But how do you attract these readers who are often introverted bibliophiles who read fanfics anonymously? (I started out as one of them.) And, anyway, what’s the point exactly in attracting those shy, bookworm types?

For one, they are the ones who buy the books on the bookstore shelves. They’re often lurking in specific fandoms because they’re caught up in some author’s world to such a degree that they need more to read about the characters to whom they’ve grown attached. Isn’t that the kind of fan-love you hope your characters receive some day?

They also know what makes a good book for them. If you happen to be writing in their area of expertise, they can sometimes be persuaded to explain it to you. Baiting these lurkers and hooking them can be a valuable asset in your writing journey. They can encourage you in the genre in which you really excel.

But as long as the reader remains a lurker, leaving little more than a hit and a country, that reader can’t really help you improve. (Unless the writer has a ton of hits from, say, Slovenia. If so, he/she might consider presenting future material to a Slovenian publisher.) Here are ways to lure those valuable shy readers, as well as keep your current readers actively involved in your journey:

1. Set up your story to accept anonymous reviews. There are enough filters in place to help you deal with anything offensive, and it will encourage those who aren’t ready to commit to an account yet to submit a review.

2. Send private messages. For a writer, there is much to be gleaned from fanfic sites beyond the story itself, and beyond what is publicly displayed. Cultivating one-on-one conversations can garner fantastic feedback because a shy reader is more comfortable expressing critiques and insights privately. They can give you a picture of what it is about your story, or your style of writing, that your audience wants to read.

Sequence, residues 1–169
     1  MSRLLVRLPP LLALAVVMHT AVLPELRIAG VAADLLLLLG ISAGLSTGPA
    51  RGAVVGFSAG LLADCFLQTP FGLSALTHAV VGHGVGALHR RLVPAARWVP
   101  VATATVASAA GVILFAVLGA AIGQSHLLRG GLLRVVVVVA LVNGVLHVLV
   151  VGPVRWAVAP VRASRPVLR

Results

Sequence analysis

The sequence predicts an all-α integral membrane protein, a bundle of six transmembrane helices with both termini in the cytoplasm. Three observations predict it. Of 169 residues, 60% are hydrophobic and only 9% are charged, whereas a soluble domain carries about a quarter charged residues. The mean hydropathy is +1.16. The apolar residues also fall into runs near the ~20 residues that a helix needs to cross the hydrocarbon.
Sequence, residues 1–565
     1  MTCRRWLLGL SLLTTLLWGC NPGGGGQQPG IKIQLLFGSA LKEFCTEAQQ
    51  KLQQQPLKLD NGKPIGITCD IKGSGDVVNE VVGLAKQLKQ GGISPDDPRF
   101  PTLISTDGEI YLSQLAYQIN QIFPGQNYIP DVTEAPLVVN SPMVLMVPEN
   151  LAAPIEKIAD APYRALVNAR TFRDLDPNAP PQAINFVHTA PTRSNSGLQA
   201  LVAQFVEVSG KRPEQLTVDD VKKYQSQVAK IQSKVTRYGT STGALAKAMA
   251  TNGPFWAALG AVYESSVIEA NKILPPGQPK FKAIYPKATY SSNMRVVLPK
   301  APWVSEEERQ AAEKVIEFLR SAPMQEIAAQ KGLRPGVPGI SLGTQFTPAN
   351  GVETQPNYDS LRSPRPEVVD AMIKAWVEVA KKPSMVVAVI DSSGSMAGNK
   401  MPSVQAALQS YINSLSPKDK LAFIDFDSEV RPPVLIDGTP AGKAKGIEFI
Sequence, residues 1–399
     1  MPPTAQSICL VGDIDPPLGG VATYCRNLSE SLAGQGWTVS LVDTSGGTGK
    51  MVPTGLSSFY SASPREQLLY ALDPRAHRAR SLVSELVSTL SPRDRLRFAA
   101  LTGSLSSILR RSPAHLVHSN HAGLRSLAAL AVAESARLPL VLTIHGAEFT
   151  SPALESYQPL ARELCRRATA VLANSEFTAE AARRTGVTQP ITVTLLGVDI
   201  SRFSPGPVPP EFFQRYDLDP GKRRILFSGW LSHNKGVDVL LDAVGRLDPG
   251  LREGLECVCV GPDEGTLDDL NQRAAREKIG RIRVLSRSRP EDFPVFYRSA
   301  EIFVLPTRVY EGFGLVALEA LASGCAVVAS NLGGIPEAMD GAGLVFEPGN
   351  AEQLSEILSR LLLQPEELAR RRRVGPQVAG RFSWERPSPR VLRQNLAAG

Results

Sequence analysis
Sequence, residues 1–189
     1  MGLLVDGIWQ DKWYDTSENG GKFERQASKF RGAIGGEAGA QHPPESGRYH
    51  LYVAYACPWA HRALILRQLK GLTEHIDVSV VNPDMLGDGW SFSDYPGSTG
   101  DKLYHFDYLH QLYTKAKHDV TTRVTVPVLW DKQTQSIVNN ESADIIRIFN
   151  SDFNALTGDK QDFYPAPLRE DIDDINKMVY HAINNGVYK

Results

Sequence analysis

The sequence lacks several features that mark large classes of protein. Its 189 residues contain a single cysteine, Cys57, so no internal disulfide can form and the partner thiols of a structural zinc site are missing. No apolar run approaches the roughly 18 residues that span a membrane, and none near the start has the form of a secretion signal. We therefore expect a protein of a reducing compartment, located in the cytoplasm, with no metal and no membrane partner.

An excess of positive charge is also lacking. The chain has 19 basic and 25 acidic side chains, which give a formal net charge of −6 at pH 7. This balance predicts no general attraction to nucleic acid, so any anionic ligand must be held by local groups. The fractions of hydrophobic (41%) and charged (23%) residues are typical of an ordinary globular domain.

Private-messaging is this undercurrent that builds goodwill and friendships. I’ve received private messages from shy readers who told me they signed up just to be alerted when I updated my story with a new chapter. I’ve never let a message like that lie dormant in my inbox. It is an opening for a potential writer/reader powwow.

Also, lookup the fanfic members who favorite you and/or your story. It’s to your advantage to reach out to these members. Send them a message thanking them for favorite-ing or adding your work. When you can, read their profiles to look for ways to personalize the note. Your message serves to break the ice.

3. Ask your readers for assistance. Many readers like to help out writers, but they won’t unless they know you’ll take suggestions well. So, post a note above or below your chapter that you are open to advice or suggestions. You can also say you’re looking for information on some aspect of your story that you wish to improve and would appreciate reader concrit.